Actor Richard Gere To Launch HIV/AIDS Awareness Project in India
AIDS advocate and actor Richard Gere in Mumbai, India, on Wednesday launched the "Heroes Project," an initiative intended to combat HIV/AIDS in India, according to the AP/Miami Herald (AP/Miami Herald, 7/7). The Heroes Project -- which will include celebrities from Bollywood films, sports figures, business leaders and government officials as spokespeople -- aims to increase public discussion of the Indian HIV/AIDS epidemic with television, radio and print advertisements (Kaiser Daily HIV/AIDS Report, 12/4/03). According to the 2004 UNAIDS Report of the Global AIDS Epidemic released on Tuesday, India has 5.1 million people living with HIV, up from about four million in 2002 (Kaiser Daily HIV/AIDS Report, 7/7). The Heroes Project is a partnership between Avahan -- the Bill & Melinda Gates Foundation's Indian AIDS initiative -- the Gere Foundation India Trust, and the Kaiser Family Foundation, according to a Kaiser Family Foundation release. The project is partnering with media company Star India, which has committed about $14 million in airtime for the three-year project and will include 26,000 public service messages, which will begin with a two-part series this month (Kaiser Family Foundation release, 7/7). The first television public service announcement will include Indian cricket player Rahul Dravid. Future advertisements will be "more direct," Gere said, adding that celebrities will "pick up a condom and talk about it. They'll say, 'Please use it. You gotta protect yourself, you know about this disease. Use a condom.'" Indian advertisements rarely use words like "safe sex" or "condom" (Dow Jones International News, 7/7). Gere said, "India urgently needs heroes to come forward at this crucial moment to contain this epidemic, which will help create a significant understanding and compassion as we concentrate on removing the stigma attached to the disease and are able to bring a message of urgency and promise to the people of India" (Kaiser Family Foundation release, 7/7).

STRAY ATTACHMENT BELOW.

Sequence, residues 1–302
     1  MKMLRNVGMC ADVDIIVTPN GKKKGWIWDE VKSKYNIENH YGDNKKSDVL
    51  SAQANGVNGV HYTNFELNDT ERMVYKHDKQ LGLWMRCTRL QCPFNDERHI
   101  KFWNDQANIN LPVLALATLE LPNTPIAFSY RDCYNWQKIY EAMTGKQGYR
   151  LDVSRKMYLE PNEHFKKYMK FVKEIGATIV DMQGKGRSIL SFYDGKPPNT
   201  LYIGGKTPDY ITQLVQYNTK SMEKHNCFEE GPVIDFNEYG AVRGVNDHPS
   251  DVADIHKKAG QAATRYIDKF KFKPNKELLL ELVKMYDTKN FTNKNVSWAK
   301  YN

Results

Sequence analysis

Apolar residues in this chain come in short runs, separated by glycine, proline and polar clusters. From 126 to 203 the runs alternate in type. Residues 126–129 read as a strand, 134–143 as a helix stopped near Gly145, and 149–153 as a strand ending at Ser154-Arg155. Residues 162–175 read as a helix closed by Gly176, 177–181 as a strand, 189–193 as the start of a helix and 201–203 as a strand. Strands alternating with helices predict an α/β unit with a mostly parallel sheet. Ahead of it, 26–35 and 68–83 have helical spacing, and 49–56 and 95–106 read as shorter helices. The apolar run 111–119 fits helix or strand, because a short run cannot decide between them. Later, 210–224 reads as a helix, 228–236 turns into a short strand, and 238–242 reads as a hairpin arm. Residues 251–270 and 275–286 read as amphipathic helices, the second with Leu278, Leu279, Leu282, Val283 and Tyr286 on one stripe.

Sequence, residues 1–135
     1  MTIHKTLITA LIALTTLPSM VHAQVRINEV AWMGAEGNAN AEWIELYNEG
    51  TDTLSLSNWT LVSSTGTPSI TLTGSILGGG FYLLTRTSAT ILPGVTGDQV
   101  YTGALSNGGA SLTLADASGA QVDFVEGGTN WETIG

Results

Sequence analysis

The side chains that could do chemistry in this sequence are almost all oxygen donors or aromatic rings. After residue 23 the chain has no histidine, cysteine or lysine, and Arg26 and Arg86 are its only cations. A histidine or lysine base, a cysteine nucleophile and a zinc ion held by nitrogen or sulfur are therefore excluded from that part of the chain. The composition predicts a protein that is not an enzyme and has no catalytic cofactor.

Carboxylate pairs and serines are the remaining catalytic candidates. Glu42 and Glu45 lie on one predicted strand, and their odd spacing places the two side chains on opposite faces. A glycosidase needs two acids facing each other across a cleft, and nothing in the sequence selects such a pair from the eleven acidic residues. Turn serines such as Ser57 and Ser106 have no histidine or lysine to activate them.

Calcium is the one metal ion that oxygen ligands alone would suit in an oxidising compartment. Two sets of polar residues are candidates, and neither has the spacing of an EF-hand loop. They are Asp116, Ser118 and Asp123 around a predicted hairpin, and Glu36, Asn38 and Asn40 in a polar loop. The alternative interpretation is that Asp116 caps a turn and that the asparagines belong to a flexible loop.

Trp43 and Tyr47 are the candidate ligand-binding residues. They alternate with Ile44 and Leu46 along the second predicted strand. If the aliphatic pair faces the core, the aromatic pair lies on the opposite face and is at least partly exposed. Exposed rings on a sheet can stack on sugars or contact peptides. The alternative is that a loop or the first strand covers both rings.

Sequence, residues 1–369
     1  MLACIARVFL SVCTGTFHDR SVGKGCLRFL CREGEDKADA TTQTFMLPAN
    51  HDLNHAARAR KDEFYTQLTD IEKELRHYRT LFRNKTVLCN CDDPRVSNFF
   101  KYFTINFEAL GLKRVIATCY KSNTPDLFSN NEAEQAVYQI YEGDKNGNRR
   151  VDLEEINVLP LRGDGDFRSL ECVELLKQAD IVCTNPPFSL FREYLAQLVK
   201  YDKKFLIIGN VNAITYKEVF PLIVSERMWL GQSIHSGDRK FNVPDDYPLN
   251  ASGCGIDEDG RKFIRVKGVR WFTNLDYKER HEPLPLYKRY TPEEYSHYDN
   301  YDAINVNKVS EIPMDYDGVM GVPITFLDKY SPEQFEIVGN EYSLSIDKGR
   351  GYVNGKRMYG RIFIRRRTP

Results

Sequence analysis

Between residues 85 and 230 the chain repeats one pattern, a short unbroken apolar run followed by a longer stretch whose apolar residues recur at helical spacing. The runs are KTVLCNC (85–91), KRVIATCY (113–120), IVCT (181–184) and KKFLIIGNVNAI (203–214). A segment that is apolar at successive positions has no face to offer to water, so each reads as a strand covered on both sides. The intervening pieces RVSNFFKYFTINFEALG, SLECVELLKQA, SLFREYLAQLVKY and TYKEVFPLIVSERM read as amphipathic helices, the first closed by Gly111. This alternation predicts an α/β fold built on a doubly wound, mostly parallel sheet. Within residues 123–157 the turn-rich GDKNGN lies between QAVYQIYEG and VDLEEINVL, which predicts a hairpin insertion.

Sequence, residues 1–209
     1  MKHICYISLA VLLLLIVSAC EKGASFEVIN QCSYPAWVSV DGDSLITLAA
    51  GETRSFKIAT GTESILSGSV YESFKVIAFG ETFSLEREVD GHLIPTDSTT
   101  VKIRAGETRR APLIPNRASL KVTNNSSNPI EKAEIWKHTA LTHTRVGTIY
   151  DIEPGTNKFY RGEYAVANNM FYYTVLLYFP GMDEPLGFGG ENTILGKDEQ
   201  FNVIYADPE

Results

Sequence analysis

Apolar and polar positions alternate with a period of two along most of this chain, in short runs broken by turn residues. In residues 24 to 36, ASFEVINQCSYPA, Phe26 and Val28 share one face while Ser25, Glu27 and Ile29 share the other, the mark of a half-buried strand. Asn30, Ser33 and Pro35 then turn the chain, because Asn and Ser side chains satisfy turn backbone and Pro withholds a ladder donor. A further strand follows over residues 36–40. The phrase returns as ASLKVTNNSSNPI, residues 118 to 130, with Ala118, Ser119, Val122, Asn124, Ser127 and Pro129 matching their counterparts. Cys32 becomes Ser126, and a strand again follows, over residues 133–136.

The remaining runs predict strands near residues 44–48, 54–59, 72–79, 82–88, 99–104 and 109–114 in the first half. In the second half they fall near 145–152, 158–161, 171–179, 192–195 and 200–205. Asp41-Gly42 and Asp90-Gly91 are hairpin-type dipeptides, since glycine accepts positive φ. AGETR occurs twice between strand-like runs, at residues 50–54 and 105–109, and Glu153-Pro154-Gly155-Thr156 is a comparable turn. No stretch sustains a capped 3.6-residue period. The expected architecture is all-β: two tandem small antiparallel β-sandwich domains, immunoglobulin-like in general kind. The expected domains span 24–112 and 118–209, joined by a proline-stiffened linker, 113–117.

Gere on Tuesday attended a three-hour HIV/AIDS awareness seminar in New Delhi, India, aimed at increasing HIV/AIDS awareness and reducing stigma through the arts, the AP/Louisville Courier-Journal reports. The workshop, "Make Art/Stop AIDS," which is funded by UNAIDS and the Gere Foundation India Trust, has been traveling throughout the country for six months (AP/Louisville Courier-Journal, 7/6). The workshop included a puppet show created as a UNAIDS project for the Delhi Public Society, excerpts from a street theater performance by the Nalamdana Group and passages from a serial novel that deals with AIDS read by Indian actor Om Puri, according to the Hindustan Times (Faridi, Hindustan Times, 7/8). Dr. David Gere, director of the project and Richard Gere's brother, said that the workshop next will travel to Bangkok, Thailand, for the XV International AIDS Conference, the AP/Courier-Journal reports (AP/Louisville Courier-Journal, 7/6). Richard Gere is scheduled during the conference to officially launch the 2004 AIDS Film Festival in Siam Square with the Asian premiere of the global AIDS documentary "A Closer Walk." The film, by Academy Award-winning filmmaker Robert Bilheimer, tells the stories of Paul Farmer, a Harvard University professor and researcher who runs an AIDS clinic in Haiti; Hassan Semankula, a 15-year-old Ugandan teenager who dropped out of school to care for his family after his parents died of AIDS-related causes; Rev. Emanuel Cleaver, former Kansas City mayor and preacher at St. James United Methodist Church; the Dalai Lama; Irish rock star Bono; and others affected by and working to fight HIV/AIDS (Kaiser Daily HIV/AIDS Report, 6/28). Gere on Wednesday also that he has been discussing the possibility of making an Indian version of the 1993 film "Philadelphia" -- a film that portrayed an HIV-positive man who is fired when his employers find out his status -- with the local film community, Agence France Presse reports. "We need to get the message out and films are a powerful medium for that," Gere said (Agence France Presse, 7/7).